“Why doesn’t America care about mothers???”
This was a quote I heard this morning that stopped me dead in my tracks. It was from a podcast episode titled The Agony of Pandemic Parenting from The New York Times podcast, “The Daily,” hosted by Michael Barbaro. The episode centered around a hotline that had been set up for mothers to call in and leave messages about what they were experiencing during COVID-19. The comments ran the gamut, but most were echoes of what we hear every day about the pain of being “on” 24/7 with your children and the challenges and stresses of working full time, parenting and homeschooling. The episode also follows the audio journal of a single mother in Spokane, Washington, and her 11-year-old son.
Toward the end of the episode, a montage of quotes from the phone line were played again, and that’s when a young woman posed the simple question, “Why doesn’t America care about mothers?” It hit me like a ton of bricks. I spend almost every waking moment advocating for gender parity, for women to be recognized as equals in every part of society, to earn equal wages, to be given access to healthcare and to be celebrated members of our society. But I thought we had “motherhood” in the bag.
America is the land of Mother’s Day! We revere the second Sunday in May, and it is all but a requirement to deliver an homage of flowers, cards and an obligatory brunch to say thank you to the women that gave birth to us. But none of these actions do anything to care for mothers. None of these actions truly supports mothers.
For the past thirteen months, mothers have been asking for help. They have pleaded for help getting or keeping healthcare, for paying rent, for additional support to manage their job and families, while learning to home school their children.
Women have left the workforce at four times the rate of men over the last thirteen months. The assumption in our country is that the mother will continue to shoulder the bulk of “at home work” while managing her children’s education AND try to maintain or get a job!
When you put all of this together, “Why doesn’t America care about Mothers?” seems like a reasonable question and one that we should all be asking.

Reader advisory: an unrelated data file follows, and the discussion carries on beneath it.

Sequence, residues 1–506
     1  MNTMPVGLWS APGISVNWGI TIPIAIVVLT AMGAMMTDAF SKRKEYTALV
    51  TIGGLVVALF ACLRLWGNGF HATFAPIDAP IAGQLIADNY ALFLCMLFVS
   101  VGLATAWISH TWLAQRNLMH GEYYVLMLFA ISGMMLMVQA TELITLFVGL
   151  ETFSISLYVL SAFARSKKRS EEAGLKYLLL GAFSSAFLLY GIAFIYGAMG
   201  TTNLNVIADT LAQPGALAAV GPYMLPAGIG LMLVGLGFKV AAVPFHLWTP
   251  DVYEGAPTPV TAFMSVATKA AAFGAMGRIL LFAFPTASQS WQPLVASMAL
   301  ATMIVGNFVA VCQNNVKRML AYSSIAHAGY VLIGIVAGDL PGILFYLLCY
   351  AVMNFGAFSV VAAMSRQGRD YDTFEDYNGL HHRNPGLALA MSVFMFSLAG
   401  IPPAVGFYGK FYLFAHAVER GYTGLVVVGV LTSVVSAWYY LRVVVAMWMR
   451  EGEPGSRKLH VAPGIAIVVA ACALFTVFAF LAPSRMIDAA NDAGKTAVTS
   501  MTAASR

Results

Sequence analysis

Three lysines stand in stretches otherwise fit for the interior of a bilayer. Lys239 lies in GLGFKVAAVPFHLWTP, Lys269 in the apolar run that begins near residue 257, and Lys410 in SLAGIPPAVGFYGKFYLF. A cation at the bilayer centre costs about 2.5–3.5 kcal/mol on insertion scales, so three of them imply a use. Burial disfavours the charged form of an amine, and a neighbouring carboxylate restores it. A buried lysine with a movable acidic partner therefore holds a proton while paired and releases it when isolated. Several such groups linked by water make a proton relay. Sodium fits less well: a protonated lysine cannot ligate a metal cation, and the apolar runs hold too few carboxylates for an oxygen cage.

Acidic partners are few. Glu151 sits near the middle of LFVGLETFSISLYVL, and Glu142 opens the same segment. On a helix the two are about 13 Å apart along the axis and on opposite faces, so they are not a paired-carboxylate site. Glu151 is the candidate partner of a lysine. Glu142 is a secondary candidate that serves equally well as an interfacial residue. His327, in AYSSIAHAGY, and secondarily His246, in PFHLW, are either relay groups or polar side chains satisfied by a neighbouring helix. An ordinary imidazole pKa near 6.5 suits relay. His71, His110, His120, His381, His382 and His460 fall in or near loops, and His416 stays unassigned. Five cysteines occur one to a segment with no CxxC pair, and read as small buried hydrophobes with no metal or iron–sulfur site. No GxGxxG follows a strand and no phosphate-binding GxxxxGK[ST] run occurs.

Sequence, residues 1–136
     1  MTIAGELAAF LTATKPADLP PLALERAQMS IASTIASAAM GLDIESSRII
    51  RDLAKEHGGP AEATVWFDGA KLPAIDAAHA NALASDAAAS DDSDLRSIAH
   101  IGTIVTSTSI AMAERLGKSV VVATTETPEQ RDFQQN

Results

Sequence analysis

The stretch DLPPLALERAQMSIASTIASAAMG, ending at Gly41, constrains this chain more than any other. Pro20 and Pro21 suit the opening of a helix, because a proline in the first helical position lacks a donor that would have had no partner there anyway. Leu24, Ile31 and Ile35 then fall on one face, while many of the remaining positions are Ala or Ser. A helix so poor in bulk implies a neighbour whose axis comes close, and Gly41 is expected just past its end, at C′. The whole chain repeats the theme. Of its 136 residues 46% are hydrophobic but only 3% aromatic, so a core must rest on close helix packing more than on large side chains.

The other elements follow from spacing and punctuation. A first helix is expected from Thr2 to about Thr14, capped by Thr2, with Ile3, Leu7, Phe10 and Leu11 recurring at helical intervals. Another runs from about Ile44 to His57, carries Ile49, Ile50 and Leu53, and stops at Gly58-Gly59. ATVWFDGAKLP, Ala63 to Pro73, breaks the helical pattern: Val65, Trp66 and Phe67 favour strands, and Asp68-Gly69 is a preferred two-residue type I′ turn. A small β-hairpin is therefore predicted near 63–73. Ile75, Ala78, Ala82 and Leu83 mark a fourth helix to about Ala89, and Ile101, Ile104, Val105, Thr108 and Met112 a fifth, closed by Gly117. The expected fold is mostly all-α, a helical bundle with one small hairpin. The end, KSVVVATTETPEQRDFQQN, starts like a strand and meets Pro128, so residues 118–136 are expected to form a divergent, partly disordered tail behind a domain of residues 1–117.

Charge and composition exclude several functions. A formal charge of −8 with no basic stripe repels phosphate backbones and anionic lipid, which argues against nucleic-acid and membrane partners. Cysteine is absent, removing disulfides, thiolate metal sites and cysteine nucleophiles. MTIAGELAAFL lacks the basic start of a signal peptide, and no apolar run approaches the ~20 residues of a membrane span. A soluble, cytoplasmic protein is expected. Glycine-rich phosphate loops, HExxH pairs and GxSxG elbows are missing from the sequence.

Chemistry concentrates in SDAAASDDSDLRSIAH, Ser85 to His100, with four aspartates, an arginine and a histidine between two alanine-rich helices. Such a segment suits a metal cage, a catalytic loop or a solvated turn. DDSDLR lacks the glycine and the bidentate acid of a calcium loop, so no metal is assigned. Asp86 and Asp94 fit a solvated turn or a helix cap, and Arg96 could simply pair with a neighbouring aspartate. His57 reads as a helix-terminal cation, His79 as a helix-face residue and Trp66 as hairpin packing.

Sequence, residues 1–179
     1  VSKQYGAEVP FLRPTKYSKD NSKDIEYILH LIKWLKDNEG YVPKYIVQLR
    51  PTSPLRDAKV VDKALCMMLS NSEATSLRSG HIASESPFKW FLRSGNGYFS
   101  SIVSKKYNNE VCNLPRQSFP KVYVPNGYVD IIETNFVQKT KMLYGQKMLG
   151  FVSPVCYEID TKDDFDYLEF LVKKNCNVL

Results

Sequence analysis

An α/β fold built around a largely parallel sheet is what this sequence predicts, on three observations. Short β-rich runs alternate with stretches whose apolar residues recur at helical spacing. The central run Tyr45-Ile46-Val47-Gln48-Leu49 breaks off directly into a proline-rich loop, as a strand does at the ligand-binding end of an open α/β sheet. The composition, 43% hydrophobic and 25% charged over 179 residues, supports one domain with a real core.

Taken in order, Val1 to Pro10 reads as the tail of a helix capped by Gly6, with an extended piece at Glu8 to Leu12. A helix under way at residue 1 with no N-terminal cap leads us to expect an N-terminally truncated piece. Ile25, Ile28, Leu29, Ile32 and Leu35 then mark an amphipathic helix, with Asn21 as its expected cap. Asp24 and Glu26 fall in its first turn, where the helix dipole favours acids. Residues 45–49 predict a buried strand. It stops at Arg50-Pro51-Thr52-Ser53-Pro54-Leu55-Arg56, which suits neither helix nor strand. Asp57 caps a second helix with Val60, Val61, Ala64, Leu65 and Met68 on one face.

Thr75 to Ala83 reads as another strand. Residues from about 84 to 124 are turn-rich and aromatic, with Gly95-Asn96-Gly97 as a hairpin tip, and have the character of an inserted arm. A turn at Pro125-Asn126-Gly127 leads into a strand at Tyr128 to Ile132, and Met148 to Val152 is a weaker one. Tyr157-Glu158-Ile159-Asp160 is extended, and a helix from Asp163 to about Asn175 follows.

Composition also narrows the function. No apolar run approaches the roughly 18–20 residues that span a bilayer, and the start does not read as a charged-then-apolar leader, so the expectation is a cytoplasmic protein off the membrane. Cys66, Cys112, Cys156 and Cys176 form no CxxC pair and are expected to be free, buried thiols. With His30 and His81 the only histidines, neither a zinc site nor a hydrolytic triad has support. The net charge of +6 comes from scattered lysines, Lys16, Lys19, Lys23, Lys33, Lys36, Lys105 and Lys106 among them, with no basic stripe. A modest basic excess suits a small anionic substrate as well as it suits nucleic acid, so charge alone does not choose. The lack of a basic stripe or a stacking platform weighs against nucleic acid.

The cynical side of me would anticipate an answer like this: if you were irresponsible enough to get pregnant and have a child in America, then clearly you should independently pay for healthcare, a good education, and all of the additional support you might need or you wouldn’t have made that decision in the first place.
But as a citizen and a human being, are we really that callous and selfish not to support mothers and children who are struggling in unprecedented numbers? Motherhood is NOT a sole pursuit. It typically takes two people to create a child, and a multitude to raise and support it, including extended family, childcare workers, teachers, doctors, counselors, coaches, neighbors. Why are we abandoning mothers by the tens of thousands when they are crying out for help, and sometimes in complete isolation?I don’t have all of the solutions to these enormous problems, but I do know that walking away from mothers in their time of greatest need will have an impact on our society for decades to come. Can our community and government finally recognize the vast, gaping need in our country that has so agonizingly been revealed by the pandemic and step in to provide financial help, mental health, and childcare support for families? Can we work as a country to truly celebrate and support motherhood? Or should we stick to the Sunday brunch option?